Clickhole’s Review of Noma Is Absolutely Spot-on

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One of the best restaurants in the world. Photo: Niels Quist Petersen / Demotix

There are just two and a half months left before René Redzepi closes Noma in its current form, so Clickhole used the occasion to “review” the restaurant and, in the process, wrote the ultimate “I went foraging with René Redzepi” story. The (fake) profile finds the author spending several days behind the scenes at the storied Danish restaurant, and the whole thing is very much worth a read, because in it you will find many fantastic lines like the ones below:

On meeting the world-famous chef: “When I first encounter René Redzepi, he is cutting a live elk in half with a chainsaw.”

Proof that Redzepi is no ordinary forager: “A lot of times you can find these lovely little rose hip flowers pickling in the stomach fluids of the larger field mammals that live around here.”

On the amazing wild fauna found in Denmark: “Redzepi, using hand grenades to displace large mounds of sand, almost immediately uncovers a veritable buffet of herbs and produce sticking out every which way from the soil. There’s wild parsnip, beach peas, sea lettuce, spicy lilac, Osama bin Laden’s beached corpse, horseradish, mustard flowers, and verdant goosefoot—all growing within the same 4-foot radius.”

Ramps definitely aren’t seasonal enough for Noma: “While I’m still savoring the parsnip, Redzepi heads off on a determined search for a king musk carrot, a vegetable that is only mature and in season for eight seconds each year.”

Redzepi doesn’t mince words when giving advice to young cooks: “’To be a good chef, you must respect the ingredients,’ he muses. ‘You don’t go into this profession unless you’re willing to be blown up by root vegetables from time to time.’”

Some of the Nordic Food Lab’s experiments include: “… a crudo that knows where you live; a means of genetically altering the pheromones of ants so that the ants taste like moths; … a meat-locker-sized thermal centrifuge chamber in which butter can be melted; [and] a method for consolidating 100 individual raisins into one huge, unified raisin wad.”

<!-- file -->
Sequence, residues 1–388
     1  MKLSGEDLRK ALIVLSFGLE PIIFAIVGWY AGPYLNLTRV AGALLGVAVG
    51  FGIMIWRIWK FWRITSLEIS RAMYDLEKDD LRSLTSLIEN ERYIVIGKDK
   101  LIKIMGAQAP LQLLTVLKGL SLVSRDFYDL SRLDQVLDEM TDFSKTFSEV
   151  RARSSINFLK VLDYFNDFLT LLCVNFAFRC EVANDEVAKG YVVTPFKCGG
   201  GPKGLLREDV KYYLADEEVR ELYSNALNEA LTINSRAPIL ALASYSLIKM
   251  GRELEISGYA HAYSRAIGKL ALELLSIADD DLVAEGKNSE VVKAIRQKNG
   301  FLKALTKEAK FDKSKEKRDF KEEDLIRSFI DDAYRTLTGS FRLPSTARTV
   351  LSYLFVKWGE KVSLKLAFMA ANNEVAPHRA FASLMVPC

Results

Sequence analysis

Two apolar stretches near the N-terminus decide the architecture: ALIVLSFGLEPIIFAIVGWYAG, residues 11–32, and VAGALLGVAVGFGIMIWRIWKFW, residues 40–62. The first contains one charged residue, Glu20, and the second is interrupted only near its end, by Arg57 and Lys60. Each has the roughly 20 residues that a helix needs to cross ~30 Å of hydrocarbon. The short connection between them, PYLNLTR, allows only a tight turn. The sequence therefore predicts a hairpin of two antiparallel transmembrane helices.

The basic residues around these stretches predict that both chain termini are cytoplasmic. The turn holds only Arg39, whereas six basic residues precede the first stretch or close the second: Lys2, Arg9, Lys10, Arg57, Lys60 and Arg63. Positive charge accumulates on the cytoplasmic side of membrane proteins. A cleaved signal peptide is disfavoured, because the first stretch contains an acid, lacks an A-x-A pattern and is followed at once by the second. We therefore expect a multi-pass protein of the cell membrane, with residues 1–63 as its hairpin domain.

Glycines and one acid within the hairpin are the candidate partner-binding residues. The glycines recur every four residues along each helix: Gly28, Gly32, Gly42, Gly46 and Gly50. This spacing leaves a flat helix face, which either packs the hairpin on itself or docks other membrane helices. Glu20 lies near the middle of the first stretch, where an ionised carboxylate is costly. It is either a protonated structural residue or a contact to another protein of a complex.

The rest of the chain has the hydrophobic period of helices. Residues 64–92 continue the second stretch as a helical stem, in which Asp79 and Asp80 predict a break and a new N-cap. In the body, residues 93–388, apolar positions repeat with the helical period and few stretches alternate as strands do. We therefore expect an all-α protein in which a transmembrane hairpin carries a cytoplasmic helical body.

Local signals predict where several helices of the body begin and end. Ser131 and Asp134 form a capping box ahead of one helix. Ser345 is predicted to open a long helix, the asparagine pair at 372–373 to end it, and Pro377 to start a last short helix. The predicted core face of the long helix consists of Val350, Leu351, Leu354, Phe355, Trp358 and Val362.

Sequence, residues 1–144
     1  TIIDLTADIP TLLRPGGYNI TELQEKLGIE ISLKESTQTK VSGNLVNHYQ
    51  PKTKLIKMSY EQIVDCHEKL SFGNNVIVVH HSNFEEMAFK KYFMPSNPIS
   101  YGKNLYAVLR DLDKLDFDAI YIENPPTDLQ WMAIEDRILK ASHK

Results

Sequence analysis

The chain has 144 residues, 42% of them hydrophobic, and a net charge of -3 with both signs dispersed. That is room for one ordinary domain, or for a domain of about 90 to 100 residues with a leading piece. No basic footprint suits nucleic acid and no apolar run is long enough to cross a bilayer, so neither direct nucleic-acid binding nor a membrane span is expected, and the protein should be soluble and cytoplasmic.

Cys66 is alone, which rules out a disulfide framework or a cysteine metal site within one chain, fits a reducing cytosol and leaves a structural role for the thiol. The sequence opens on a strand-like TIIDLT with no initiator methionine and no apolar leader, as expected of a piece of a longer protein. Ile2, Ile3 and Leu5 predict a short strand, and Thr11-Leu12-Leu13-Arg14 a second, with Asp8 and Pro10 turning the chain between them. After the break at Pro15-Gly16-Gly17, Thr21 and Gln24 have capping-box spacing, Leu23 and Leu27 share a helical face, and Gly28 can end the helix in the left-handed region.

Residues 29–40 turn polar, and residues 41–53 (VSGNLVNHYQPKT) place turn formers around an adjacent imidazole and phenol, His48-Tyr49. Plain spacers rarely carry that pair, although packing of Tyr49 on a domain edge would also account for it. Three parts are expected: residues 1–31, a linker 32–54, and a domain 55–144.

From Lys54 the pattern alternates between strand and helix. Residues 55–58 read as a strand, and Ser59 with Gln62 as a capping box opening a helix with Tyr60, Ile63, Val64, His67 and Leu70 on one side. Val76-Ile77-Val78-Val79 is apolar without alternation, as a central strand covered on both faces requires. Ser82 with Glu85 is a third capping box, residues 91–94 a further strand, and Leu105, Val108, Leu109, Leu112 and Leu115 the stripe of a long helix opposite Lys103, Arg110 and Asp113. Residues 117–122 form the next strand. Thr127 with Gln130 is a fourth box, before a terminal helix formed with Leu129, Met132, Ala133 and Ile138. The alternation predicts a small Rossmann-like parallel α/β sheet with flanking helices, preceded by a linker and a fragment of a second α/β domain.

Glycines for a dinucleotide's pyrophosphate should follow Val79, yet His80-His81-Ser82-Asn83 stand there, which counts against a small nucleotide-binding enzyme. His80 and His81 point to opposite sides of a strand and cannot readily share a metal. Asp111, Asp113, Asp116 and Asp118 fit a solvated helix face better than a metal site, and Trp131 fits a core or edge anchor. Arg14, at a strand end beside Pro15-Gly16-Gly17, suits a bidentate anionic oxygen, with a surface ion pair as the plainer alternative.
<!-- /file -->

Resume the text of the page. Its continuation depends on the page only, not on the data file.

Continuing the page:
On the cutting-edge tools the kitchen uses: “Instead of food processors, they huck produce into the whirring blades of a 300-year-old windmill whenever there’s a good breeze.”

Noma’s labor standards may be outdated: “While chefs are hard at work carefully plating mussels and whipping up intricate emulsions, a wee hunchback named Fossegaar, wearing a lace bonnet and leather knee breeches, plucks away at traditional melodies on his hurdy-gurdy, for which he is paid in porridge.”

What it’s like to finally eat at Noma: “The space imparts an air of tranquil nothingness, conserving one’s emotional energy for the wondrous drama that is about to unfold at the tables.”

They take trompe l’oeil to the next level: “One particularly mesmerizing dish utilizes a hidden vent in the plate to send up gusts of citric dry ice vapor to animate a grilled prawn in a puppet-like fashion, creating the illusion that it is fervently worshipping a turnip.”

How eating a seemingly “unremarkable piece of saltwater taffy” at Noma makes you feel: “If all of this wasn’t already wonderful enough, I look over to my left and see that my childhood dog and Nelson Mandela are both still alive, and they’re playing a duet on a piano made of gold.”

You will experience a food coma like no other: “The ecstasy of everything is too much for me to handle, and dizzy with bliss, I fall into a coma and don’t wake up for 56 days. And this is exactly what fine dining should be.”

Redzepi has big plans for the next version of Noma: “The main thing I would like to do is figure out how to catch some clouds and cook them … That would be pretty neat.”

Clickhole’s Review of Noma Is Absolutely Spot-on